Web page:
And when we’re feeling like Mary, satisfied in our own groove and feeling good about our life decisions, there are bound to be some Marthas on our path. They may blindside us with their criticism, telling us that we’re not doing the right thing because we didn’t make the decisions they would have made. At that point, it is essential to remain grounded in our own truth and path, and lovingly acknowledge the pain that would bring one sister to criticize another. I hope we can then turn on our Christlike switch and extend compassion and grace to those women who need to know that they have a good, if different, path as well. A little compassion and grace might do wonders in helping us value the diversity of each other.


Alisa is a professional adult educator and corporate manager who enjoys spending time with her husband and son.

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24 Responses

  1. Caroline says:

    Alisa, I love this. What an insightful reflection on this experience you had with your friend. Your Mary and Martha analysis is great.

    I’ve been lucky in that I’ve never felt judged for my working choices. Though I married at 22 and didn’t have a baby until 29, I never felt any condemnation. Maybe it was there, but I wasn’t aware of it.

    I’m a big proponent of waiting to have babies until a couple is ready, whether that’s financially or emotionally. We were ready financially years before, but I just wasn’t. It was a very good thing for me and my family that I waited until I really wanted a baby. Being a mom is hard enough – having one before I wanted one or before I felt financially stable would have been very difficult for me.

    Like you pointed out, I see a bit of a contradiction between the prophetic counsel to have babies early and the prophetic counsel to stay out of debt. Seems like a family often just has to make a choice of one over the other, and that should be a personal decision unhindered by the judgement of others.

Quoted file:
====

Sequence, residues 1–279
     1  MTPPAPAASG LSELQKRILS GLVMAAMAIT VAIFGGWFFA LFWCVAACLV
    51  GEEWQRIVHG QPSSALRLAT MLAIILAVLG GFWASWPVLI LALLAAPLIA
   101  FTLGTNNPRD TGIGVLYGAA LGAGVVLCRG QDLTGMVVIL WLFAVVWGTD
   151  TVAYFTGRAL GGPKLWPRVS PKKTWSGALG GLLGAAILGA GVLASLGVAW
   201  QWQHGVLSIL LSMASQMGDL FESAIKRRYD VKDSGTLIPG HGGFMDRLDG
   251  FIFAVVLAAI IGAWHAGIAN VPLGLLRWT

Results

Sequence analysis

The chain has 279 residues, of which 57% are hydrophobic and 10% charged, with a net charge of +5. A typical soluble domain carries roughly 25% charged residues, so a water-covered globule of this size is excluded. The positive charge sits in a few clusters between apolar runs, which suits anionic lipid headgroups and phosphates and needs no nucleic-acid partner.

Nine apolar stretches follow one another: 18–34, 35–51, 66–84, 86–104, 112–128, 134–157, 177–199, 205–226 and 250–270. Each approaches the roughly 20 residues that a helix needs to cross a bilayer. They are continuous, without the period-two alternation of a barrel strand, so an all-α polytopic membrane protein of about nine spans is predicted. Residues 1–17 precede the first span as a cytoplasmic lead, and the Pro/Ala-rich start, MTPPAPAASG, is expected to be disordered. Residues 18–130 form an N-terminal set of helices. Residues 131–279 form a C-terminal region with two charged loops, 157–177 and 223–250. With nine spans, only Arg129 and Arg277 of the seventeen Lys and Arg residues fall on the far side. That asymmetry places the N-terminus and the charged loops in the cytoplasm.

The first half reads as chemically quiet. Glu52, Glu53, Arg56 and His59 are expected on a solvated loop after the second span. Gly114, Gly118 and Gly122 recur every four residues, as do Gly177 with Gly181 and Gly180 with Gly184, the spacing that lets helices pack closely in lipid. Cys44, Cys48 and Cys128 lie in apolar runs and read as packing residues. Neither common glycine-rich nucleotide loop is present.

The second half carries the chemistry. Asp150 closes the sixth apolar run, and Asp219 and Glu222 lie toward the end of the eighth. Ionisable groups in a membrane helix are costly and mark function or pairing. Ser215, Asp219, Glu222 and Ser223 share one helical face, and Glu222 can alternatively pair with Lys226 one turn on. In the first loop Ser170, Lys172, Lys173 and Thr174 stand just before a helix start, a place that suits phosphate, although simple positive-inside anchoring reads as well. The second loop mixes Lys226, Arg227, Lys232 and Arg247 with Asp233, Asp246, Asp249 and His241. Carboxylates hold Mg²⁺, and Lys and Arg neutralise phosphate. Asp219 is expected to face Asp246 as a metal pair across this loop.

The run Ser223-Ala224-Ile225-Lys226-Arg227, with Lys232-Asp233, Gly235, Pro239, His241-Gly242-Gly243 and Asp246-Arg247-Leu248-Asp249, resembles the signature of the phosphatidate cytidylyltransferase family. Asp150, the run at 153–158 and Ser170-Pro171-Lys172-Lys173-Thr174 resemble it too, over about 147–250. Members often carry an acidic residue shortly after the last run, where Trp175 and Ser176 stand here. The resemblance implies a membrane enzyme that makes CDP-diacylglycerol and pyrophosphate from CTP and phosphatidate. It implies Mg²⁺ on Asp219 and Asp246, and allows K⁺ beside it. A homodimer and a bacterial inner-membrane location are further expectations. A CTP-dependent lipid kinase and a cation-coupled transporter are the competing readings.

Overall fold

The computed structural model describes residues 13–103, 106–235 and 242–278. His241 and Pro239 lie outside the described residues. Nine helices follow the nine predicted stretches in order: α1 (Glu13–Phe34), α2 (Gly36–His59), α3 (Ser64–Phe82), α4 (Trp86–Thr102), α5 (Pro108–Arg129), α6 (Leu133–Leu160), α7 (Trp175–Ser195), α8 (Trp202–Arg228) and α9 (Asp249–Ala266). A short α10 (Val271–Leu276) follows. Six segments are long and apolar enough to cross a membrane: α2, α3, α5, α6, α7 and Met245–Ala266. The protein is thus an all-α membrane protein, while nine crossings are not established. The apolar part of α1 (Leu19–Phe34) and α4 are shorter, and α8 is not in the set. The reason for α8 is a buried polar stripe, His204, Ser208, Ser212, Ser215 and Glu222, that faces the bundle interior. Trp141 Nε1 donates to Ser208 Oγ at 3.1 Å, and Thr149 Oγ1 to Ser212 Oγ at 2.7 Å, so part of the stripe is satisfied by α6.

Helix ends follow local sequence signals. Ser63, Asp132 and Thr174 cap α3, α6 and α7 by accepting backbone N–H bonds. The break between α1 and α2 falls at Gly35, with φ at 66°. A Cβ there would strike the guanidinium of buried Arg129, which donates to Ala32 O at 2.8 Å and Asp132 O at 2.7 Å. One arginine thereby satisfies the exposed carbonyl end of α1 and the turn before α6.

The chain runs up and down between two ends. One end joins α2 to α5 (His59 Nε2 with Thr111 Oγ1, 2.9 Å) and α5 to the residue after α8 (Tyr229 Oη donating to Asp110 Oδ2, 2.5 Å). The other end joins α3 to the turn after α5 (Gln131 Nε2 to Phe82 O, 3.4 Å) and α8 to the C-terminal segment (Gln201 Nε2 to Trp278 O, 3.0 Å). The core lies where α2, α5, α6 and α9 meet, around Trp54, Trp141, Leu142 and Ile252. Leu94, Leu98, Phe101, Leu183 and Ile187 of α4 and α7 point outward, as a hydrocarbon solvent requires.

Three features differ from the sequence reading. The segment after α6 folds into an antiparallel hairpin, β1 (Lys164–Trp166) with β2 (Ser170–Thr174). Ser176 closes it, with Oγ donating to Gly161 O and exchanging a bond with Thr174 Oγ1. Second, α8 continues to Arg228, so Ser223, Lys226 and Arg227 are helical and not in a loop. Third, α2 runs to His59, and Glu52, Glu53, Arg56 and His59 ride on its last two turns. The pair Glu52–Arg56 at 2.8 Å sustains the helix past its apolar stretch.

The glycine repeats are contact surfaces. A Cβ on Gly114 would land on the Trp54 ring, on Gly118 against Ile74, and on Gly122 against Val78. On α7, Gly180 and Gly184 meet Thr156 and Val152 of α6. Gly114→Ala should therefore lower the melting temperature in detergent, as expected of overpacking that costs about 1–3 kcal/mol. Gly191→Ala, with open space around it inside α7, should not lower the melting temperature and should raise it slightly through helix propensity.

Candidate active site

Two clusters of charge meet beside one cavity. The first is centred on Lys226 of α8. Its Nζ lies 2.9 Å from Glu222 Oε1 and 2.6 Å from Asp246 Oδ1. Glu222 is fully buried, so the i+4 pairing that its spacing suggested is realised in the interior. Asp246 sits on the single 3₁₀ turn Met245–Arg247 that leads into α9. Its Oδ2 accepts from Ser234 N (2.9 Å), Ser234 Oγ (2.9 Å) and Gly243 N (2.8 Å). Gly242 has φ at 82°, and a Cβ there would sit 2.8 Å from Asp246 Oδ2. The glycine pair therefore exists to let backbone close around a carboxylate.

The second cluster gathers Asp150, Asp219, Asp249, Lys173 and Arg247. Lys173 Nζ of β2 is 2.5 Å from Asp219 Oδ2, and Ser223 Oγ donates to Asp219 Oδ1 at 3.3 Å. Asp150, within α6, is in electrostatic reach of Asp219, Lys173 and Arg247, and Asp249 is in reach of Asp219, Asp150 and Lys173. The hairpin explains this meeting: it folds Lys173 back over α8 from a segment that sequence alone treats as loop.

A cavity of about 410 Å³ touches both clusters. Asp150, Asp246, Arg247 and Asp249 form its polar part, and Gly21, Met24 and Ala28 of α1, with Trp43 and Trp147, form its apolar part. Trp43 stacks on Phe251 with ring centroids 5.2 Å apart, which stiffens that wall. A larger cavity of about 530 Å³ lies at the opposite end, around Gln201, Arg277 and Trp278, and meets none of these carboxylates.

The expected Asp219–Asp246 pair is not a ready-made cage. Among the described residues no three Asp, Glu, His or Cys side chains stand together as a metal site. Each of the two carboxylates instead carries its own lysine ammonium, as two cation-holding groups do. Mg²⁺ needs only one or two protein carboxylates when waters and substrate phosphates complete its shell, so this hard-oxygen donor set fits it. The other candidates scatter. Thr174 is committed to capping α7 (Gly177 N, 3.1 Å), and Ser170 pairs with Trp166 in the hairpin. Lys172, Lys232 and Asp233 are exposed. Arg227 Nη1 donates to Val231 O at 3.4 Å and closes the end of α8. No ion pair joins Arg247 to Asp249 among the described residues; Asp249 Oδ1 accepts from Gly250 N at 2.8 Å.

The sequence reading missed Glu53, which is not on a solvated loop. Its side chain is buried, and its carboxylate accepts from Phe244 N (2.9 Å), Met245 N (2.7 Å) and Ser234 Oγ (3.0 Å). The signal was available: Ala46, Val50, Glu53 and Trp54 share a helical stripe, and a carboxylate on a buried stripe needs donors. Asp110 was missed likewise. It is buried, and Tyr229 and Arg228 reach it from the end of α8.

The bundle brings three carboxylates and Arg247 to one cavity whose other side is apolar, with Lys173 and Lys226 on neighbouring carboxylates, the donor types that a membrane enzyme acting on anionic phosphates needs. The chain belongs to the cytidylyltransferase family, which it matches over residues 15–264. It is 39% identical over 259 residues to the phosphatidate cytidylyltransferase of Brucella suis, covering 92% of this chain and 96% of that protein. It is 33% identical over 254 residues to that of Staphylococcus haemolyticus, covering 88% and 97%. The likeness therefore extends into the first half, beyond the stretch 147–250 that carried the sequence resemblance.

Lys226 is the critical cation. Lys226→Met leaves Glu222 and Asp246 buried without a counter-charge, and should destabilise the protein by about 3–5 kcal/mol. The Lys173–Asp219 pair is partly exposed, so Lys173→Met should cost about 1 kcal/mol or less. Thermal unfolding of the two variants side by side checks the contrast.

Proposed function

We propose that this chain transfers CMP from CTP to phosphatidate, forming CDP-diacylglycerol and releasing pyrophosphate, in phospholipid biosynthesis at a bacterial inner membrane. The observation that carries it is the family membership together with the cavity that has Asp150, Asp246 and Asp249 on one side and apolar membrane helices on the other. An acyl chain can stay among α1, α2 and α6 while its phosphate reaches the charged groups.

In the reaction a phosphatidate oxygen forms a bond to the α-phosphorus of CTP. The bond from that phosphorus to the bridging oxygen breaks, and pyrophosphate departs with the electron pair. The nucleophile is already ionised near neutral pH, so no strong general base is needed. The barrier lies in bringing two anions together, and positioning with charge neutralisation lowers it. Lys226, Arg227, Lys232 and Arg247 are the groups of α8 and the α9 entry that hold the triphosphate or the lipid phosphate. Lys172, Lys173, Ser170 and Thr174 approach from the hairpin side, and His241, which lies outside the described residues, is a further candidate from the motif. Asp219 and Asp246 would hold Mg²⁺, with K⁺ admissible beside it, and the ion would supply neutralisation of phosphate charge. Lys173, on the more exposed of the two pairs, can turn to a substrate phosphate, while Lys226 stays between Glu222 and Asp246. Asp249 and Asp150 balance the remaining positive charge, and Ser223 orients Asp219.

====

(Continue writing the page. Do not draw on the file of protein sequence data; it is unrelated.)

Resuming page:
2. Kim B. says:

    I have seen many women use this story to identify and label in a not too positive way. “I am like Martha and you are like Mary.” Superficially, they are trying to make it sound nonjudgmental, but really mean, “I work hard and you are lazy.”

    I love this concept of Mary and Martha being in each of us, a dual nature deciding how to spend our time.

  3. Moniker Challenged says:

    I find myself in this very situation. I was reared in a semi-rural part of Southeast Idaho, and the friends I had growing up married young and had kids in very short order. Now, ancient at 24 and still working and childless (many of the the girls I went to school with have 3 or 4 by now) I find the differences between old chums and myself darn near irreconcilable. I’m wrong, and they’re righteous. I get defensive and act like a jerk or a crazy person. Have any of you learned to halt the cycle and maintain friendships without converting anyone to your one true lifestyle (whatever that may be)? I love the idea that sin lies in judgment, not in a failure to conform to any mold, as Alisa’s post beautifully demonstrates. What kind of success have you had in letting everyone be and accepting (and being accepted) based on unique contributions and not sameness? How did you do it?!